Check out some of our favorite social posts from Rock Chalk Ball below! Official photos from the event, courtesy of Steve Puppe, are available here and may be downloaded for personal use. If you attended this year’s Rock Chalk Ball, we’d love to have your feedback—please complete our survey.
On February 20, 2018, alumni and friends from all over the world will come together to support the University of Kansas during KU’s first 24-hour giving campaign, One Day. One KU. This historic fundraising event is the perfect opportunity to show your Jayhawk pride by supporting the KU programs and priorities most meaningful to you.
Why February 20?
On February 20, 1863, Kansas Governor Thomas Carney signed into law a bill locating the University of Kansas in Lawrence. The bill passed the state House of Representatives by just one vote, proving that one person can make a difference! That one vote started a chain of events that, over time, has led to the thriving, multi-campus center for research and learning we are today. While we now have campuses located throughout the state, we are still ONE KU. And together, we can achieve so much!
How can you help?
We already know that one person can make a difference. Our history proves that. Please consider supporting KU on Tuesday, February 20 during One Day. One KU. Your support helps us advance our mission and strengthen our programs.
Jayhawk Career Network
Your generous contribution to the KU Alumni Association during One Day. One KU. will help fund the Jayhawk Career Network, a comprehensive initiative to connect current KU students with alumni, and alumni with one another, in numerous professional fields. The Association has created a new position for a full-time staff member to lead these new programs:
KU Alumni Mentoring, an online mentorship platform
With the support of Chancellor Douglas Girod and Provost Neeli Bendapudi, the Association has invested in a new digital service to easily connect students and alumni for long-term and one-time mentorships. The platform will support both student-to-alumni mentorships and mentorships among fellow Jayahwk alumni.
The Association is launching KU Alumni Mentoring in collaboration with the KU schools of Architecture & Design, Business, Engineering and Journalism, as well as the College of Liberal Arts & Sciences and the University Career Center.
Rock Chalk Connect events:
In key metropolitan areas, the Association and alumni volunteers will host programs to unite students with alumni experts in various industries. Successful Kansas City and Chicago events have focused on engineering, media and entrepreneurship, and the Association plans to offer Rock Chalk Connect programs in other communities with large Jayhawk alumni networks: Wichita, Dallas-Fort Worth, Denver, Houston, Seattle, the San Francisco/Bay Area, New York, Los Angeles and Washington, D.C.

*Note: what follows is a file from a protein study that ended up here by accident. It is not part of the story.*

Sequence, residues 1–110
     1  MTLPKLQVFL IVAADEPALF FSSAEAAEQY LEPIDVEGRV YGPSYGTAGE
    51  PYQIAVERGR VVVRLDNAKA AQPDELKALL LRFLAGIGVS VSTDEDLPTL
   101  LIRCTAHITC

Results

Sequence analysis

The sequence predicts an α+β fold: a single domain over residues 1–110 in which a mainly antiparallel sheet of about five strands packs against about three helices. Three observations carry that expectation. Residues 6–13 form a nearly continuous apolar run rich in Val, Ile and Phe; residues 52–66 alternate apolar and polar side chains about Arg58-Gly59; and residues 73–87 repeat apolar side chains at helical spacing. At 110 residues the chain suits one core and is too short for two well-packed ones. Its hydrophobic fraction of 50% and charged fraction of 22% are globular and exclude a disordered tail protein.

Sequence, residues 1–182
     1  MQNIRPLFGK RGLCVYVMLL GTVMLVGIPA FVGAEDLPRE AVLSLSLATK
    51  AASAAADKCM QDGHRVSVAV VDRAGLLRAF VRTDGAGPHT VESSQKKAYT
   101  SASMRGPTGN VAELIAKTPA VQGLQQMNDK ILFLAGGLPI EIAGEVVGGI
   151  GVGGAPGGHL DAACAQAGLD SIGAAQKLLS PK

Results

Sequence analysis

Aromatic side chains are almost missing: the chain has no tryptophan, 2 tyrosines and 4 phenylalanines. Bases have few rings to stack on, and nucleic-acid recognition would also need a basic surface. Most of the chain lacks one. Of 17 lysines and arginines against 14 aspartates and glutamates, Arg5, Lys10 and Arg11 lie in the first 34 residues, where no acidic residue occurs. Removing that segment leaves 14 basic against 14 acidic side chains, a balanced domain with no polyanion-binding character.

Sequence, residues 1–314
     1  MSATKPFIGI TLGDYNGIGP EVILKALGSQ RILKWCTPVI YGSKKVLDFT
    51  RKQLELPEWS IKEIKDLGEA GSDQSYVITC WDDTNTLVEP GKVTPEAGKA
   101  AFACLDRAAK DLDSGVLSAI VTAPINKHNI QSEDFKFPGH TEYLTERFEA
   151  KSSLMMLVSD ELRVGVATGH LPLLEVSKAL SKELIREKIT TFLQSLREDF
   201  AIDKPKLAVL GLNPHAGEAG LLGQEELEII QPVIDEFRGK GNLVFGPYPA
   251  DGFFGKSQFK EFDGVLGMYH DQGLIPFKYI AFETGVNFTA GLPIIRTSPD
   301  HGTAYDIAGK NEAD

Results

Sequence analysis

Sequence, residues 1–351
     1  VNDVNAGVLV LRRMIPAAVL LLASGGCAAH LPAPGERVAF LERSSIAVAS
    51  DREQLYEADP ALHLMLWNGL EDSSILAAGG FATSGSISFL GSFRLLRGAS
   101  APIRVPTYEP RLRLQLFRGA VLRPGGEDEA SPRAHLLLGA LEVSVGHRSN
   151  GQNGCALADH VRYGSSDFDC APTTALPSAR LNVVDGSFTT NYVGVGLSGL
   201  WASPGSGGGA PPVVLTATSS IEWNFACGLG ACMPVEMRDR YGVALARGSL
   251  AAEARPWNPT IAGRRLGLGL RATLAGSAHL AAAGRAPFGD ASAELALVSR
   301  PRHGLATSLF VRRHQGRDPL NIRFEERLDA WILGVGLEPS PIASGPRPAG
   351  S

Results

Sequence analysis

Opportunities for shadowing, internships and post-graduation employment through direct relationships with KU alumni at corporations and firms in these key metropolitan areas—in coordination and partnership with the University Career Center.
With the ongoing support of Alumni Association members and contributors, the Jayhawk Career Network will help ensure the continued success of KU graduates.
The Jayhawk Career Network event on Monday, Nov. 27, allowed students access to real-world insight from Portia Kibble Smith, c’78, and Mark Mears, j’84. Putting your best foot forward was a common theme as both guest speakers brought to light what really counts when networking.
Just be yourself
When it comes to networking and interview preparation, the best advice is to simply be yourself. For some, that might be easier said than done. To be the most authentic and best version of yourself, you must first know who you are.
Mark Mears, j’84, stressed the importance of taking personality tests when preparing for interviews. When he spoke recently with KU students, Mears revealed, “your resume tells part of the story.” He believes grounding yourself in who you are helps show future employers the other part.
“None of the personality results are bad,” he said. Instead, these tests show who you really are, not necessarily who you think you are.
Whether it’s a DISC or a Myers-Briggs, these tests highlight your strengths. KU’s University Career Center even offers various assessments. Once you have a sense of who you are, you can understand how you work in a team setting and what you bring to the table.
Are you a leader? Do you work well under pressure? Do you try to keep the peace? Whatever your strength, remain true to whatever makes you “you.”
The KU Alumni Association and the Jayhawk Career Network are here to help students and alumni. Find more information about career resources, networking, and tips from alumni on our website.